It said, “It’s time to provide individual category values to expand the overall user base and to drive financial inclusion beyond banking.”

Creation of Acceptance Development Fund To Build Acceptance Infrastructure

The country’s digital payments industry has evolved dramatically over the last one year. The government has taken multiple measures to facilitate the adoption of digital payments, from issuing credit/debit cards to consumers to establishing different acceptance channels through POS, QR and UPI penetration. Consequently, a majority of the country’s merchants are now aligned to accept cashless payments.

Despite the industry’s phenomenal growth, PCI believes that there is still a lot of scope for building a robust acceptance infrastructure in India. It stated, “The upcoming budget must take steps in this direction. One such step would be creation of an acceptance development fund. This is akin to any market development fund set up by new businesses to create awareness and build a repeat-use customer base.”

“On similar lines, acceptance development fund can incentivise merchants, banks, payment processors to enable digital payments at grassroot levels and conduct mass education campaigns to promote awareness and benefits of digital payments,” the industry body added.

To that end, PCI has also suggested offering incentives to the acquirers, so that these entities can continue making investments to expand and bolster the country’s acceptance infrastructure.

Common Procurement And Interoperability For Cash Recyclers

2017 saw the consolidation of several Indian banks, chief among them being the State Bank of India (SBI) which merged with five associates and the Bharatiya Mahila Bank in April last year.

As a result of this consolidation, PCI has stated that ATM/CDM/cash recyclers – which are essentially cash recycle machines that accept cash and give immediate credit to the customer’s account – should be done through common procurement platform for all public and private sector banks.

Furthermore, digital infrastructure should be accorded infrastructure status. As part of the Union Budget, PCI also expects government to institute interoperability for cash deposit machines/cash recyclers.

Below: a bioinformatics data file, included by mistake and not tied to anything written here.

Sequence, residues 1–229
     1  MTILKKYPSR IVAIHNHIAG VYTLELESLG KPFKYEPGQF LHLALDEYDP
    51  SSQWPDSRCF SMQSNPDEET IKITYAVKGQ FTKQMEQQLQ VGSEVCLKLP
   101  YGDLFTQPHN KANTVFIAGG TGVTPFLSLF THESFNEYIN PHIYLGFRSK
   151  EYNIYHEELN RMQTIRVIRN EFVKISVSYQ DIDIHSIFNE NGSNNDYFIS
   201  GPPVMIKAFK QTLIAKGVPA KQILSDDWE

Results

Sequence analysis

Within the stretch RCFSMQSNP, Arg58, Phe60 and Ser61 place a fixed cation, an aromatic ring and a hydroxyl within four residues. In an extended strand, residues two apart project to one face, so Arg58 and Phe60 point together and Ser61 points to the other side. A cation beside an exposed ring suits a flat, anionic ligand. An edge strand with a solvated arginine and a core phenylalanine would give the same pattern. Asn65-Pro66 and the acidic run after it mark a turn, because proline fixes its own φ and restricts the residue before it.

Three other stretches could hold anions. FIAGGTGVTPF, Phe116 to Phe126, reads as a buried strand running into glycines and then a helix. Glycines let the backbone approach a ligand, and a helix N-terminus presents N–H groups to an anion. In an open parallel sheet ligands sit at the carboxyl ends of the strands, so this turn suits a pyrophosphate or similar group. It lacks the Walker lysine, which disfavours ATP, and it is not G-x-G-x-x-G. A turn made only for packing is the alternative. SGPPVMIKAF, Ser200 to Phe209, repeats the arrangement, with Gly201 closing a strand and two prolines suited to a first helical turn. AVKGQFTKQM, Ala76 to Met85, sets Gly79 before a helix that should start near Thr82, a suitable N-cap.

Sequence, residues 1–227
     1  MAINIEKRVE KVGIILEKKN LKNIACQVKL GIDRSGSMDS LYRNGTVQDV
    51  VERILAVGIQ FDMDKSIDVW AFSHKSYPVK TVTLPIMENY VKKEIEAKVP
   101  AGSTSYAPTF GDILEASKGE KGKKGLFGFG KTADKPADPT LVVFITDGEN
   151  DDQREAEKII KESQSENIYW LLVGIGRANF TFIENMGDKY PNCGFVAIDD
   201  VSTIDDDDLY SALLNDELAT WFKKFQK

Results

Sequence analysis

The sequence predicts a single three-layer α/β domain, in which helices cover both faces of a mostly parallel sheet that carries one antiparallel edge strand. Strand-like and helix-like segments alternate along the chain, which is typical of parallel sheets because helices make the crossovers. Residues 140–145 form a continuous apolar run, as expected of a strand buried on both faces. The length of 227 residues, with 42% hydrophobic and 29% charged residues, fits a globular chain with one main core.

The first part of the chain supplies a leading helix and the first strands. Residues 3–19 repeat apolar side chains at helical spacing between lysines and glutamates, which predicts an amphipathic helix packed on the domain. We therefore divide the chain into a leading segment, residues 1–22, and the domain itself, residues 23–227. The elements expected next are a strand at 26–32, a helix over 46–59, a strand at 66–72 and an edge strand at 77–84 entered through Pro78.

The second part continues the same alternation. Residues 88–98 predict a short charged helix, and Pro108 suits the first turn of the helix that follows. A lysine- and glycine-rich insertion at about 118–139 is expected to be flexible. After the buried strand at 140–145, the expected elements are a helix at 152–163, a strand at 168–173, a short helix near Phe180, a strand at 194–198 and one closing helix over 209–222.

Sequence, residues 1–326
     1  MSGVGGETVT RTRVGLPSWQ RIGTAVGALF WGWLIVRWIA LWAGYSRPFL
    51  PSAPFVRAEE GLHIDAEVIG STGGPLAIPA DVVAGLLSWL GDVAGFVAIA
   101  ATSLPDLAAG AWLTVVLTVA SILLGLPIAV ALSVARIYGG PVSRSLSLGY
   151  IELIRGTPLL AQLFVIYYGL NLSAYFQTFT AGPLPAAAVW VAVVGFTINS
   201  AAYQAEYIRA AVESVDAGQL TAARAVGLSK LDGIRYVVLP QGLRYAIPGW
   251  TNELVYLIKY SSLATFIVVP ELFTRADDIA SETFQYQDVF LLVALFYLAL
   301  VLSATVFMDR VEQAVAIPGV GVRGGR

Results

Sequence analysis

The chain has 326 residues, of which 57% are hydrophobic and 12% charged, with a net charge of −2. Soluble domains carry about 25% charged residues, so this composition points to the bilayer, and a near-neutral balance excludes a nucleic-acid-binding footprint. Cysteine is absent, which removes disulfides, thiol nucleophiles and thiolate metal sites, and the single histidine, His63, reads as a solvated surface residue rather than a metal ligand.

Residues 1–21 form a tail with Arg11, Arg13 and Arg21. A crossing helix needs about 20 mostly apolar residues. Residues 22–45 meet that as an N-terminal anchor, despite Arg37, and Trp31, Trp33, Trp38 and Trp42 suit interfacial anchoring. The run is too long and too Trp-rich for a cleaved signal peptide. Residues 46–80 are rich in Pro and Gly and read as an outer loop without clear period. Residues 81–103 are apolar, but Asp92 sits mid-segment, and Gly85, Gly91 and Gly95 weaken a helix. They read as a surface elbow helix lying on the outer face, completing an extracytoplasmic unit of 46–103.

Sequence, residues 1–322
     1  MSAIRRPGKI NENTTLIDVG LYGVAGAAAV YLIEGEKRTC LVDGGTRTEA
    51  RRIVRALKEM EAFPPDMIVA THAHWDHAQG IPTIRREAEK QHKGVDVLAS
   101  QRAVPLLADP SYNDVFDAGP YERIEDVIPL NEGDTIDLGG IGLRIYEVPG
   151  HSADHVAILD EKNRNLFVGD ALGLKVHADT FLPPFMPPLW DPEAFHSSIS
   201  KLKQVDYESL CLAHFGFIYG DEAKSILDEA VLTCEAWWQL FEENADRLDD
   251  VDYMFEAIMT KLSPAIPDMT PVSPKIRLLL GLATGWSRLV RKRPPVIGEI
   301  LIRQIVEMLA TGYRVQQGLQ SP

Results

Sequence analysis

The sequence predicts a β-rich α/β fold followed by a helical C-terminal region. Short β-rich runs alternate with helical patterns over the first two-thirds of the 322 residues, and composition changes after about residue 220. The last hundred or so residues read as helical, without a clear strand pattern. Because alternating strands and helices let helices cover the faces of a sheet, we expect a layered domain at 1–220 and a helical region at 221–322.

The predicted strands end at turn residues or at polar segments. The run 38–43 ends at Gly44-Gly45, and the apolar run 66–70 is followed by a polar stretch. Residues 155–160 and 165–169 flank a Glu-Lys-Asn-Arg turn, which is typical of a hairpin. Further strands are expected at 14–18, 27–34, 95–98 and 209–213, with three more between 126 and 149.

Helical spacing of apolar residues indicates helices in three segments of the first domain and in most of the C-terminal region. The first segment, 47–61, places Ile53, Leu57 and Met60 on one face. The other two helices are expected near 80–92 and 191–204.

Increasing Allowable Tax Free Value Of Employee Benefits Under Income Tax Rules:

For the upcoming budget, PCI also expects an increase in the allowable tax-free value of Employee Benefits under the Income Tax Perquisite Rules. Additionally, the industry body is looking forward to employee benefits being linked to a Consumer Price Index to keep the system relevant year after year.

This, according to the spokesperson for PCI, would give a boost to both the digital and cashless segments, while also having a multiplier effect on the economy. 

A Concrete View On Digital Currency And Cryptocurrency

Hoping to usher in a new era of ‘digital Bharat with digital rupee’, the PCI has invited the government to take a concrete view on regulating cryptocurrencies and digital currencies in the country.

It stated, “Privately issued digital cryptocurrencies and their trading need appropriate policies and urgent regulatory framework, absence of which would result in innocent consumers being cheated. Those who are trying to do this as per book would also risk their capital and investment. It’s time government takes a serious view and come out with the appropriate laws.”

According to the industry body for payment companies, for cryptocurrency trading, SEBI can be tasked with managing the market and evaluating the risks associated with it, while the RBI with the support of the Finance Ministry can spearhead the move.

This comes at a time when the government is increasingly becoming cautious of the risks involved cryptocurrency trading. Union Finance Minister Arun Jaitley had earlier clarified that neither the government nor the Reserve Bank of India has authorised any virtual currencies (VCs) as a medium of exchange. Further, the government or any other regulator in India has not given license to any agency for working as an exchange or any other kind of intermediary for any VC.

The Indian digital payments industry is projected to reach $500 Bn by 2020, contributing 15% to India’s GDP, as per a recent report by Google and Boston Consulting Group. Geared towards facilitate financial inclusion by promoting digital payments, PCI’s expectations from the upcoming Union Budget highlight some of the key concerns that are obstructing the industry’s growth at present.